Plastic Pollution

Photo: Manan Vastsyayana Photo: Manan Vastsyayana

Unprecedented Plastic Pollution
When The Mermaids Cry: The Great Plastic Tide

By Claire Le Guern

The world population is living, working, vacationing, increasingly conglomerating along the coasts, and standing on the front row of the greatest, most unprecedented, plastic waste tide ever faced.

Washed out on our coasts in obvious and clearly visible form, the plastic debris spectacle blatantly unveiling on our beaches is only the prelude of the greater story that unfolded further away in the the world's oceans, yet mostly originating from where we stand: the land.

In 2008, our global plastic consumption worldwide has been estimated at 260 million tons. Plastic is versatile, lightweight, flexible, moisture resistant, strong, and relatively inexpensive. Those are the attractive qualities that lead us, around the world, to such a voracious appetite and over-consumption of plastic goods. However, durable and very slow to degrade, plastic materials that are used in the production of so many products all, ultimately, become waste with staying power. Our tremendous attraction to plastic, coupled with an undeniable behavioral propensity of increasingly over-consuming, discarding, littering and thus polluting, has become a combination of lethal nature. Read More


Oil Pollution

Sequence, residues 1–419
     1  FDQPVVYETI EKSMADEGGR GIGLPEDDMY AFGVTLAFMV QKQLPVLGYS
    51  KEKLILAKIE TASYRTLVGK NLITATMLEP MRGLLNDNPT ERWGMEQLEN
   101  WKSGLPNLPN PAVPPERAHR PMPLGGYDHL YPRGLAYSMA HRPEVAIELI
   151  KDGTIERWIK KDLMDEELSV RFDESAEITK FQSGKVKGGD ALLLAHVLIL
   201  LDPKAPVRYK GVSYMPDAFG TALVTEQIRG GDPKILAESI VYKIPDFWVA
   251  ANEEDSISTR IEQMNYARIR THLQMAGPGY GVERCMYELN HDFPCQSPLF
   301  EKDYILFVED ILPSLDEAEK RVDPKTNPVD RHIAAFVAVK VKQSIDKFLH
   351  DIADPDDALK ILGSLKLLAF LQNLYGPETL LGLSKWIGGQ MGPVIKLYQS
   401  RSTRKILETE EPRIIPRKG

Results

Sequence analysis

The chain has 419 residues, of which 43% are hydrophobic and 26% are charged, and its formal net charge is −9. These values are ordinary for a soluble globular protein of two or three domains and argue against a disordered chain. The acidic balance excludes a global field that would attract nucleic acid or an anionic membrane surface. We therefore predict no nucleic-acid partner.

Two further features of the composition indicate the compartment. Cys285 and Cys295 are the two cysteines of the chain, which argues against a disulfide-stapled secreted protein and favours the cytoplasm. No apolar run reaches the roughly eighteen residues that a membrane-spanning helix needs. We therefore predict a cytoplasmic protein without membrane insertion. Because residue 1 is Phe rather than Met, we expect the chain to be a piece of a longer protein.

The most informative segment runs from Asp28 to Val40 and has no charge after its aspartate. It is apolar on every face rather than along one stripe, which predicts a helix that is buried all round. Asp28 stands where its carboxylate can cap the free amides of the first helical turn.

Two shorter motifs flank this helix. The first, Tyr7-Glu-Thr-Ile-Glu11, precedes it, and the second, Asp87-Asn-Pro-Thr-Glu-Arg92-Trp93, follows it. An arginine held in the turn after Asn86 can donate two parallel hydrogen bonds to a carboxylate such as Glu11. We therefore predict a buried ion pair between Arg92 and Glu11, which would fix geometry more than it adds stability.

Treasure Island, Florida

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Oil spills on the worlds beaches and in the worlds oceans

By Linda Pilkey-Jarvis

Beaches and river shorelines all over the world are at risk from oil spills. Spills are most likely to occur while oil is transported or transferred between oil tankers, barges, pipelines, refineries, and distribution or storage facilities. Spills may also occur during natural disasters (such as hurricanes), or through deliberate acts by countries at war, sunken ships, vandals, or illegal dumpers. Read More


Trash Pollution

Ocean Pollution... and Ocean Polluters

By Bekah Barlow

Did you know that it's legal to dump trash in the ocean? Yes, there are limitations for what you can and cannot dump. But it is perfectly acceptable to dump your raw sewage, paper, rags, glass, metal, bottles, or similar refuse, as long as you are at least 12 miles away from the nearest shoreline. It is not permissible to dump plastics anywhere. Read More


Surfing in / Pollution

Why Durban only got two Blue Flag beaches

News, Pollution
Oct
15

Durban was the first South African city to implement the international Blue Flag program.

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Hurricane Michael brings new threat to Florida’s victims: toxic red tide

News, Pollution
Oct
13

Biologists fear that the storm surge carried with it red tide toxins that can cause respiratory distress and flu-like symptoms.

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Space junk?’ What is the ‘foamy’ mystery object that washed ashore on an SC beach?